Ant Financial: Impact of China’s 2016 Clearinghouse Regulation

This is the second part of a two part series on Ant Financial. Click here to read the first part on Ant Financial’s history, ecosystem, and growth.

In a 2017 interview, Jack Ma stated very emphatically, “We have to step ahead of the regulators; we have to. Otherwise, we go nowhere.”1 This game of leapfrog between third party payment applications and regulators has helped served the Chinese market by letting the market decide the future of finance. Chinese fintech has clearly benefited from the boldness of companies such as Ant Financial and Tencent setting bold paths ahead of regulators, but now that regulators are getting involved, it is beneficial for the future of competition, mobile payments, and Chinese financial markets. In this blog post, will shift my focus to the implementation and effects of the 2016 clearinghouse regulation.

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Understanding Ant Financial: History, Ecosystem, and Growth

Alibaba founder Jack Ma famously professed that should the government desire, he would deliver Alipay to the state.1 He also said that because the state banks would not change on their own, Alipay would change them. What connects these two statements is the power that Ant Financial has accumulated by becoming an indispensable part of over 500 million citizens’ lives. It’s not beyond Jack Ma’s imagination that the overwhelming power of his private company would cause integration with the state to be inevitable.

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An Afternoon in Jiufen (一個下午在九份)

For our trip to Taipei, we were essentially given two days of freedom. Round trip transportation, a hostel, and tickets to the top of Taipei 101 were provided. The rest of the weekend we could schedule as we wished. This was great because I had spent five days in Taipei when I arrived in Taiwan, now I could venture elsewhere.

I headed to Jiufen, a mountainous area by the sea. During the late 19th century Jiufen’s population and wealth exploded as they experienced a gold rush, now it was mainly known as a pretty tourist town. Everyone knows it as the town featured on the movie Spirited Away.

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Pictures from Fo Guang Shan Monastery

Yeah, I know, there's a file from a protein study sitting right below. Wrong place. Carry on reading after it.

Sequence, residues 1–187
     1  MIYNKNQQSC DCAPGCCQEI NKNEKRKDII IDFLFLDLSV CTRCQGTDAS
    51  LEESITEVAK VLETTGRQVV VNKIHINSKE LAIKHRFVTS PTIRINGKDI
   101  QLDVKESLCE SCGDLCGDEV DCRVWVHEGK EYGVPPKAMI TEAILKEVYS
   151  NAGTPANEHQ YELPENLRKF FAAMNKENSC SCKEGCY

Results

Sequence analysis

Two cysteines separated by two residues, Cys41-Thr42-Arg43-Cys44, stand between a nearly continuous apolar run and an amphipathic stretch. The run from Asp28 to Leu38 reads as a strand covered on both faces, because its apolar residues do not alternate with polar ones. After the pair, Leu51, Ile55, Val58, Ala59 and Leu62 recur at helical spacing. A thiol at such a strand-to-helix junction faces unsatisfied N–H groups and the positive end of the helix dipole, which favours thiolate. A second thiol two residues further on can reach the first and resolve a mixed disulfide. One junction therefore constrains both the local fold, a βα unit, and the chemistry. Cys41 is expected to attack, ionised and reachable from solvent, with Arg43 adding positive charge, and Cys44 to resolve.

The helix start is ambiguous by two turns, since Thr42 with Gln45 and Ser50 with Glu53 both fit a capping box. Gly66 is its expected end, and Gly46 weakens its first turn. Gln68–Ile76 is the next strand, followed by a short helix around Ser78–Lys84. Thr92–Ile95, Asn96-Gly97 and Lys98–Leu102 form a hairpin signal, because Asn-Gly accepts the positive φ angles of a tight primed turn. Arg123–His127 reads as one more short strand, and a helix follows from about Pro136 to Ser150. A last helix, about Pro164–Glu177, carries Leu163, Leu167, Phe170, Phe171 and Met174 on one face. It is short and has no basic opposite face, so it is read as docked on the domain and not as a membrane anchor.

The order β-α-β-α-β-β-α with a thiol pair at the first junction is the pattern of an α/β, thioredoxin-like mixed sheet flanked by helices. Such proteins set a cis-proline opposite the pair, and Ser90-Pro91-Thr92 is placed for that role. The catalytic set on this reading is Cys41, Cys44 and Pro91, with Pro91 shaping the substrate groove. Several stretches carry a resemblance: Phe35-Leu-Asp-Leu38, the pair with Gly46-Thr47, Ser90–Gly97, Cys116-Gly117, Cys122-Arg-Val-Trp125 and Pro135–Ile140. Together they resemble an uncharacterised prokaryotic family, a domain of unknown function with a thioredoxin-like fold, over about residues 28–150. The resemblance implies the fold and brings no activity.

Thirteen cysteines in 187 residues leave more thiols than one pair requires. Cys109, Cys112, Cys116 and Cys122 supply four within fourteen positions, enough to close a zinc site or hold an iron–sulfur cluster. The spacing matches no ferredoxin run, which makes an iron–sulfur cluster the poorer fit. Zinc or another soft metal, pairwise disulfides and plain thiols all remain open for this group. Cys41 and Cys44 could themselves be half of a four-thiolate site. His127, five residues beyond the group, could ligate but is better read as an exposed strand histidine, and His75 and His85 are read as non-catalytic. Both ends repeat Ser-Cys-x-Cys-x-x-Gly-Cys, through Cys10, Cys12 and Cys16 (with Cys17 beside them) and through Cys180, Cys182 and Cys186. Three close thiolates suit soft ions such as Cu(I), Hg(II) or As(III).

Fo Guang Shan is the largest monastery in Taiwan, ground-breaking took place nearly 50 years ago. The Kaohsiung campus is sprawling, featuring now only shrines but also publishing houses, translation centers, and its own university. It’s a massive compound, but it doesn’t stop in Taiwan. Also known as the International Buddhist Progress Society, it is in over 170 countries and has a huge worldwide influence.

Our trip to Fo Guang Shan Monastery was more of a two-day guided tour than an actual temple-stay. It was a peaceful way to spend a weekend away from studying, the main highlight being our traditional dinner. Following are some of my favorite photos from our two days at Fo Guang Shan and Buddha Memorial Centre.

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Fo Guang Shan Monastery Traditional Dinner

For thousands of people, Fo Guang Shan is and will always be a holy place of worship. It also is also a tourist destination with a sense of commerciality and comfortableness. Five years ago I took part in a Korean temple-stay, which was bare-bones. At Fo Guang Shan I stayed on extremely comfortable, thick mattresses instead of a wooden floor. We woke up after sunrise instead of 4 am and we omitted the 108 bows activity. At this Buddhist temple opulence stood out to me, particularly strong presence of air conditioning with doors left open, spilling it outside.

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Jingzaijiao Sea Salt Field Photography 井仔腳瓦盤鹽田

The Jingzaijiao Salt Fields are a cultural relic built back in 1818. They are unique in that they are tile-paved; back during the Qing dynasty they came up with the brilliant idea of preventing salt from attaching to the soil by manually laying out broken pottery pieces onto the salt fields. This innovation led to clearer salt being mined.

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